I could not have been more impressed by Seth Preibatsch’s keynote at SXSWi (w/audio recording). A 21 year old who dropped out of Princeton after his first year, Seth started SVNGR, a location based service that makes checking in into a scavenger hunt and other games. His energy, presentation, insight, humor, and content were all right on. He wasn’t a smug, cynical hipster opportunist geek like so many presenters. He was humble enough for someone I expected to be brash. He won me over from the beginning.
He said that in the last ten years we added the social layer to the web and in the next ten we’ll add the game layer. Then he went on to talk about all the stuff the game layer can fix, like education, by re-engineering motivations and rewards. Rewarding your participants is key for game makers, and your business is a game. It is by creating Epic Meaning for people that they become blissfully productive.
The first thing you’ll find when you flip through his slides are his ideas about how bad grades and failing are as motivations for school along with some suggestions for how we could have students level-up like a video game and remove some demotivation.
He had us play two games during the session. In the first he asked the audience to start clapping. They did, like applause. Then he asked them to synch up and clap a beat. They did in about 20 secs, it was a big crowd. He pointed out how quickly and easily a totally decentralized task can be accomplished
The second game was brought up in the context of how to solve global warming. Everyone had a colored card. The object was to trade cards while staying seated, and arrive at every row being a solid color. He gave them 2:30 to do it, and if they did, he would contribute $10K to a wildlife charity.
The audience accomplished the goal in 1:30 and he pointed out that the task was accomplished in a way that would have been impossible for a centralized government, that the hope of what the game layer can accomplish is taking an impossible problem and making it simply very difficult. All this from a 21 year old!
When Anais fell asleep in my arms this weekend, there was, luckily, an old New Yorker beside the recliner. I grabbed it with my free hand and greatly enjoyed David Brooks’s article, Social Animal. Here is a long lovely closing passage.
“I guess I used to think of myself as a lone agent, who made certain choices and established certain alliances with colleagues and friends,” he said. “Now, though, I see things differently. I believe we inherit a great river of knowledge, a flow of patterns coming from many sources. The information that comes from deep in the evolutionary past we call genetics. The information passed along from hundreds of years ago we call culture. The information passed along from decades ago we call family, and the information offered months ago we call education. But it is all information that flows through us. The brain is adapted to the river of knowledge and exists only as a creature in that river. Our thoughts are profoundly molded by this long historic flow, and none of us exists, self-made, in isolation from it.
“And though history has made us self-conscious in order to enhance our survival prospects, we still have deep impulses to erase the skull lines in our head and become immersed directly in the river. I’ve come to think that flourishing consists of putting yourself in situations in which you lose self-consciousness and become fused with other people, experiences, or tasks. It happens sometimes when you are lost in a hard challenge, or when an artist or a craftsman becomes one with the brush or the tool. It happens sometimes while you’re playing sports, or listening to music or lost in a story, or to some people when they feel enveloped by God’s love. And it happens most when we connect with other people. I’ve come to think that happiness isn’t really produced by conscious accomplishments. Happiness is a measure of how thickly the unconscious parts of our minds are intertwined with other people and with activities. Happiness is determined by how much information and affection flows through us covertly every day and year.”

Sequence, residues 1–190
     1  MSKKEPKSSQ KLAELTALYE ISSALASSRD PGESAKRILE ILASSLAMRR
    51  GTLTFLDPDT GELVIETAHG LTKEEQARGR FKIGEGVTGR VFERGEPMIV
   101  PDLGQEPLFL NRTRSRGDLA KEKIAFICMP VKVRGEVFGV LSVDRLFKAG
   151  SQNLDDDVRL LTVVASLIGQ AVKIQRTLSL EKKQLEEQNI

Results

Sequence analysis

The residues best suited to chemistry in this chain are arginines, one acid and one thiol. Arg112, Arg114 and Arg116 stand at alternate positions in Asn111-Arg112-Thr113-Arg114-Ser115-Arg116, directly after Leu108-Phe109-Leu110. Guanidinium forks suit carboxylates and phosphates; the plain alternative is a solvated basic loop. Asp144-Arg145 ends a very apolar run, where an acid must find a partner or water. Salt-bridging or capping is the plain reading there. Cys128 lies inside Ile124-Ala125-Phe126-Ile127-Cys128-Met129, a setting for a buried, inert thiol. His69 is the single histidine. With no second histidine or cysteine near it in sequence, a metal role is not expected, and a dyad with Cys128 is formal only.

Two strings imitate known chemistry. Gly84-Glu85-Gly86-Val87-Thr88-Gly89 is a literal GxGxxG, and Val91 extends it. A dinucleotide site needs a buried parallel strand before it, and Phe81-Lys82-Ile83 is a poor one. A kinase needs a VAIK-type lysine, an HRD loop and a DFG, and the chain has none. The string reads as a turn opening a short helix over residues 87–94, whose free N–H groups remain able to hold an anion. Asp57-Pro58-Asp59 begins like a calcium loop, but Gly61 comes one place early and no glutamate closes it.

Technology is anything invented after you were born. Technology is anything that doesn’t work yet. I love these two half-comic definitions quoted by Kevin Kelly in this TED talk.
Paraphrasing Kelly: The real tricks are exploring the exploration. Technology is about better ways to evolve. The infinite game. A cosmic force begun at the big bang. It’s the expansion of options, possibilities, differences, freedoms. Technology wants a trillion zillion species individuals discovering differences. It’s a way of playing the game by playing all the games.
Every person here has an assignment. Your assignment is to spend your life discovering what your assignment is. That recursive nature is the infinite game. If you play that well, you’ll have other people involved so that that game extends and continues even when you’re gone.
That is the infinite game, and what technology is, is that medium in which we play that infinite game. And so I think we should embrace technology because it is an essential part of finding out who we are.
I love it. What a freeing view of technology. An assignment to discover.
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But the soundscape is far too complex for human speech to duplicate, and so it is in music alone that man finds that true harmony of the inner and outer world. It will be in music too that he will create his most perfect models of the ideal soundscape of the imagination.